Step 4: Add the toasted mixture, plus the dried blueberries, dried cranberries, chia seeds, psyllium husk, cinnamon, vanilla bean paste and sea salt to a large mixing bowl. Stir to combine. Next add the wet ingredients and give a good stir to fully combine.
Step 5: Press down the granola mixture into a 20×20 cake tin, lined with baking paper. Place in the fridge to toughen up (at least 1 hour), then slice into 10 bars using a sharp blade and a cutting board.
Step 6: Enjoy! Keep stored in an air-tight container in the refrigerator. These bars should last you the week (if they survive that long).
- ⅔ cup rolled oats
- ⅓ cup raw almonds, chopped
- ⅓ cup raw cashews, chopped
- ½ cup shredded coconut
- ⅓ cup sunflower seeds
- ⅓ cup pumpkin seeds
- ⅓ cup dried blueberries
- ¼ cup dried cranberries, diced
- 3 tbs chia seeds
- 1 tbs psyllium husk (optional)
- 1 tsp vanilla bean paste
- 1 tsp ground cinnamon
- Generous pinch of sea salt
- 8-9 medjool dates, pitted and diced
- 3 tbs coconut oil
- 3½ tbs tahini
- 3 tbs maple syrup
- Measure out, and roughly chop the raw almonds & cashews.
- Measure out the rolled oats, shredded coconut, sunflower & pumpkin seeds, and add the nuts, onto a non-stick frypan. Lightly toast, tossing occasionally and enjoying the beautiful aroma. Turn off heat & set aside.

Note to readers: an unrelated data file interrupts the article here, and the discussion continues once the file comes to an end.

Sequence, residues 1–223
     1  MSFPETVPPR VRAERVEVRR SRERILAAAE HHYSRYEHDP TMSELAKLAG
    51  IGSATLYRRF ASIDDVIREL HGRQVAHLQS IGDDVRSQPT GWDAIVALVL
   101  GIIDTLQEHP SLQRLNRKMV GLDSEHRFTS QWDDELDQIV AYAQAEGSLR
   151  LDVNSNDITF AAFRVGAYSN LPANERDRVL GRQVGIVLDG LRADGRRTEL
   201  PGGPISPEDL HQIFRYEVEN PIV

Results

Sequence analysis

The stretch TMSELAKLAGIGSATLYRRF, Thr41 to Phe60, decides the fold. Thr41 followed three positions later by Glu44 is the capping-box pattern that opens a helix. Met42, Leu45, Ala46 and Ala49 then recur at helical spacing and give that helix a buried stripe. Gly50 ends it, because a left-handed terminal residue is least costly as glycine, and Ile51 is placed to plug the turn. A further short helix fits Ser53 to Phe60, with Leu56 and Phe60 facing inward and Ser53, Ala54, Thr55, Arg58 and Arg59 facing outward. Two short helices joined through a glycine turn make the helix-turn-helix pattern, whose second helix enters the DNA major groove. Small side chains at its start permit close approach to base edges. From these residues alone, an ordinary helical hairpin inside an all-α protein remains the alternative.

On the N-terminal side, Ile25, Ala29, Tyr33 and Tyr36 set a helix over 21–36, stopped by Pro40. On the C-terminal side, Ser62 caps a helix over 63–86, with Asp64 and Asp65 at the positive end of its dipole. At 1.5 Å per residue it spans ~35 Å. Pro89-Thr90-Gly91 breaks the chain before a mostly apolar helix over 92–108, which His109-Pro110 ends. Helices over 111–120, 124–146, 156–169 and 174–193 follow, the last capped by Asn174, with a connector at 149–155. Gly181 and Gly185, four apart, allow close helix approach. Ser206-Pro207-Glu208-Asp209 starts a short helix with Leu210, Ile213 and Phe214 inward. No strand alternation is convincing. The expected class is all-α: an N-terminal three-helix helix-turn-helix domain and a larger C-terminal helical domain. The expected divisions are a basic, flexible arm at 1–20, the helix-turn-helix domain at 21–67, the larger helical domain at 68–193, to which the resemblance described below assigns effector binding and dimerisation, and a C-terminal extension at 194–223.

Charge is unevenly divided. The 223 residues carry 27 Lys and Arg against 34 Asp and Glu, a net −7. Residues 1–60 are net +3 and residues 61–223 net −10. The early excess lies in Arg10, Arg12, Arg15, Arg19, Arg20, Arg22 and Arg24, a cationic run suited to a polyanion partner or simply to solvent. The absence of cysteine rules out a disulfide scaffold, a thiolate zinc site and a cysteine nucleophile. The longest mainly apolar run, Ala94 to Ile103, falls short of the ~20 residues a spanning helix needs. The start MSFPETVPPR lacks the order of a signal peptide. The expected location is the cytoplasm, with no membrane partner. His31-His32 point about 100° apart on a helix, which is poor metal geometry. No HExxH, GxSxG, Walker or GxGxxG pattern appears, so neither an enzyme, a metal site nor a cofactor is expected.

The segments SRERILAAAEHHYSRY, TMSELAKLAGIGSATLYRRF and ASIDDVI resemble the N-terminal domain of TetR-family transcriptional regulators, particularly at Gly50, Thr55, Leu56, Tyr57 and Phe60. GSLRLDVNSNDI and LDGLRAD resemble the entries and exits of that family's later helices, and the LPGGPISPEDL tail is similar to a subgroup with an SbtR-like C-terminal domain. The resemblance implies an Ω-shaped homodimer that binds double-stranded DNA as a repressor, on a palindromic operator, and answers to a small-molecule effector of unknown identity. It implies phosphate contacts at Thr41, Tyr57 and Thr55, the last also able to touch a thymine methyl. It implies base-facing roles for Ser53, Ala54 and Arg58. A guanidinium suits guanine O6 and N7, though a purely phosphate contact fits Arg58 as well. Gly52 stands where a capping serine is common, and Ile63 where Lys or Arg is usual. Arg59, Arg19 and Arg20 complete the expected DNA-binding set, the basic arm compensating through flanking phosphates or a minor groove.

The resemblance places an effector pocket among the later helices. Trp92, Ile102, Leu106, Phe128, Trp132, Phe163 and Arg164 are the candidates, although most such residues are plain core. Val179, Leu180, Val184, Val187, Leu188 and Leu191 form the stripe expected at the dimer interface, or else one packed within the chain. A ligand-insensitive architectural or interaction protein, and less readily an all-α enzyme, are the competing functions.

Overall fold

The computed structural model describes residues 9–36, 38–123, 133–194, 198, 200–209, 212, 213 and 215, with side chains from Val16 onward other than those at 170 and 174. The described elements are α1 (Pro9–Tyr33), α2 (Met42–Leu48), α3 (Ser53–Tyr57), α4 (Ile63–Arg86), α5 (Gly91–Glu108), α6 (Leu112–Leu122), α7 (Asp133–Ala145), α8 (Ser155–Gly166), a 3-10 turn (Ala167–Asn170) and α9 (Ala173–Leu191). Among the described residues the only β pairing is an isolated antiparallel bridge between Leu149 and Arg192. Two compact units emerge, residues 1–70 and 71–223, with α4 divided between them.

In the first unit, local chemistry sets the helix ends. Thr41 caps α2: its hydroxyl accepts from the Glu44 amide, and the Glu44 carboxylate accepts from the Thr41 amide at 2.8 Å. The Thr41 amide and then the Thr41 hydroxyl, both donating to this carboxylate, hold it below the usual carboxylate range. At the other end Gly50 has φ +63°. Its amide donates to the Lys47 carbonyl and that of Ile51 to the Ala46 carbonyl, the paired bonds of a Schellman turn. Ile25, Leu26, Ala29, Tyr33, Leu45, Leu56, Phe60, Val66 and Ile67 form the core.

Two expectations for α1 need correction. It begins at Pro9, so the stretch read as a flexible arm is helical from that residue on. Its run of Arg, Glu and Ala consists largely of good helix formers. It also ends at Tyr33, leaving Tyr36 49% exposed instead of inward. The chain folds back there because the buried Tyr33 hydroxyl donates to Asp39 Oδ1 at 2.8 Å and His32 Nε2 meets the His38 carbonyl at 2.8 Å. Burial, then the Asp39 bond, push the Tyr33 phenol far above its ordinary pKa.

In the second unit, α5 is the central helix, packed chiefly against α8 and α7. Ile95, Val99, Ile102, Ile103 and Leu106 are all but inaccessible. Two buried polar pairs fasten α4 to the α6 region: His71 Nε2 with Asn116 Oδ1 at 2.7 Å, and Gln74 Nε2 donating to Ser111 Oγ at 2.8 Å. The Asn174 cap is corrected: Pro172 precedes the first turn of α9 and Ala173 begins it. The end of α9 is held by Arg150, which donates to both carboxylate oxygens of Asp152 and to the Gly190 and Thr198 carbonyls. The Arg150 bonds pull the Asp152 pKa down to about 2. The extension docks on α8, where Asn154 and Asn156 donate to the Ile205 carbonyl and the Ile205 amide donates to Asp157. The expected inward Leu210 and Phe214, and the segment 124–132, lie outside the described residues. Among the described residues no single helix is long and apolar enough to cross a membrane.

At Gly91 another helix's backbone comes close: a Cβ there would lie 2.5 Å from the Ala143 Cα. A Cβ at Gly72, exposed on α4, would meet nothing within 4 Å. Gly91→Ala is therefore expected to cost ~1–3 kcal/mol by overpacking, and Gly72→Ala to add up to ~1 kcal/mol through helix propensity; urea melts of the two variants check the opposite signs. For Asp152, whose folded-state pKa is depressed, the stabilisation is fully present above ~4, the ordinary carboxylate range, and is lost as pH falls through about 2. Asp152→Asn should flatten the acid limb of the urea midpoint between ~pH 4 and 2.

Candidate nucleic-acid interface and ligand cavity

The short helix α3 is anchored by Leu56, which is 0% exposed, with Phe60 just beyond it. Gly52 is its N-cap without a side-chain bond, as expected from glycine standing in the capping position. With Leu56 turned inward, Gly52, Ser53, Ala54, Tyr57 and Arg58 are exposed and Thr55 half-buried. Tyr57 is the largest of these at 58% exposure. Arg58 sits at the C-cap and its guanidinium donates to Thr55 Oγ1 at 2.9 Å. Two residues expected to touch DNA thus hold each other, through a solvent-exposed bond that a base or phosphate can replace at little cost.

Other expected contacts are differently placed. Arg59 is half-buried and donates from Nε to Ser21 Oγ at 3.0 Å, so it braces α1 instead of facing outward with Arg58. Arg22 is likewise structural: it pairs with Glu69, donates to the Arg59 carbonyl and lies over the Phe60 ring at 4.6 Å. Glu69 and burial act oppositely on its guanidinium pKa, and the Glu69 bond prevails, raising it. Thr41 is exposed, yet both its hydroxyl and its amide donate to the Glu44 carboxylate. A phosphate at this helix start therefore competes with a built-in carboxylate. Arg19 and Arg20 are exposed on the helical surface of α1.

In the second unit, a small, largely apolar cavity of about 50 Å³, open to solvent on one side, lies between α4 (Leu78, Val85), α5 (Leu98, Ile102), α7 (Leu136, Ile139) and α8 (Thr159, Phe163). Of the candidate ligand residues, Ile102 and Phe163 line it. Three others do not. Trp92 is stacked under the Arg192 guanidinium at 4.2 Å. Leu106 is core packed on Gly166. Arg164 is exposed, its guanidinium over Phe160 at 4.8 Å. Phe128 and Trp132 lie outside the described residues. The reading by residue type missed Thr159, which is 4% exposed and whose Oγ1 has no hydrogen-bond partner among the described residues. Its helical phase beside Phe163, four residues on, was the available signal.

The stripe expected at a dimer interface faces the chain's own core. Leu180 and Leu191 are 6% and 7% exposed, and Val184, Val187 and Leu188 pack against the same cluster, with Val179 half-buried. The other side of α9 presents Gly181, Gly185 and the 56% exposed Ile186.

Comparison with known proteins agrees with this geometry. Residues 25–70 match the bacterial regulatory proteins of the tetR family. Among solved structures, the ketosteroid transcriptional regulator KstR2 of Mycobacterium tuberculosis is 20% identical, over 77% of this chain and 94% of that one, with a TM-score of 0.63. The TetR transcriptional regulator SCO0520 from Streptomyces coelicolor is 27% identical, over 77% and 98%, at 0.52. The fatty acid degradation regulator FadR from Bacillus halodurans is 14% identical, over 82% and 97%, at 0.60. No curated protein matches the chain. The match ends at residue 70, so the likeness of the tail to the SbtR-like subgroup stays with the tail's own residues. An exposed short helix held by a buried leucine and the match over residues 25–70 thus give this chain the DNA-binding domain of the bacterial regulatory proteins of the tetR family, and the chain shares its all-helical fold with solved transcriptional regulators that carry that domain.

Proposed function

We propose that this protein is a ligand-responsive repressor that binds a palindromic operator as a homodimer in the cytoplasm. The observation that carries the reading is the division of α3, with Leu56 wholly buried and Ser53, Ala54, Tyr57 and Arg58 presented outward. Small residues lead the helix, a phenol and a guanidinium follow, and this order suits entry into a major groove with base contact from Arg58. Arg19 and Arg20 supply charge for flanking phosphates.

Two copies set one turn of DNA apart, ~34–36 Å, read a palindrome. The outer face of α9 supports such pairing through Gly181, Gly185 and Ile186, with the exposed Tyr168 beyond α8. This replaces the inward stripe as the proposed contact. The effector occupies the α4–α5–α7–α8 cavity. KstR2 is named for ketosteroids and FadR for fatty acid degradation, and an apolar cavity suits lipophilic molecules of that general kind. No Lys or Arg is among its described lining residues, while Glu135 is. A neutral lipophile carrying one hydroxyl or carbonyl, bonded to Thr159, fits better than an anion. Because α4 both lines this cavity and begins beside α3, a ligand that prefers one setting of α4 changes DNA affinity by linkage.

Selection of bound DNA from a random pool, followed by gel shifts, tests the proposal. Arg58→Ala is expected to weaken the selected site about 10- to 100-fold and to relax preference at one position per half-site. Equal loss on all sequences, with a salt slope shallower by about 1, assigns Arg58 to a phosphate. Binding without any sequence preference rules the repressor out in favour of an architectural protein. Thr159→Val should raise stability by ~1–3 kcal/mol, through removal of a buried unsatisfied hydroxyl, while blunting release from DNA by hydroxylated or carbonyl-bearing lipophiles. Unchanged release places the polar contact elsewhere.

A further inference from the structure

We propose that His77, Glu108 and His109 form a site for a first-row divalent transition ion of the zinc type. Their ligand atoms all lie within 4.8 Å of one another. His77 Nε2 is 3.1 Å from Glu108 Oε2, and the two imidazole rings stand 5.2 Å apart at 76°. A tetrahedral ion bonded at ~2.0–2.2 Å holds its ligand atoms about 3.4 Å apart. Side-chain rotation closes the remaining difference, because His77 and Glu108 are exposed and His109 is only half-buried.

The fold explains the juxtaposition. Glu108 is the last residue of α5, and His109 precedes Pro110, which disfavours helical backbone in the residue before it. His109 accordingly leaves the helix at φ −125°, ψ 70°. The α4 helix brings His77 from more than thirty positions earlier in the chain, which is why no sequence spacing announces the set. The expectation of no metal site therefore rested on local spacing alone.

- Meanwhile, dice and remove the pips of the dates.
- In a small pot, heat the dates, coconut oil, tahini & maple syrup. Do NOT let boil. You'll know when it's done, as the dates will start to fall apart. Turn off heat.
- Add the toasted mixture, plus the dried blueberries, dried cranberries, chia seeds, psyllium husk, cinnamon, vanilla bean & sea salt to a large mixing bowl. Stir to combine.
- Next add the wet ingredients and stir well to completely combine.
- Press the mixture down into a 20x20 cake pan lined with baking paper.
- Refrigerate for some time (at least 1 hour) before cutting into bars using a sharp knife and chopping board.
- Keep stored in an air tight container in the fridge.
Did you make this recipe?
I’d love to hear your feedback, so please feel free to post a comment below and post an image on Instagram with the hashtag #movingnutrition #jtnourish x x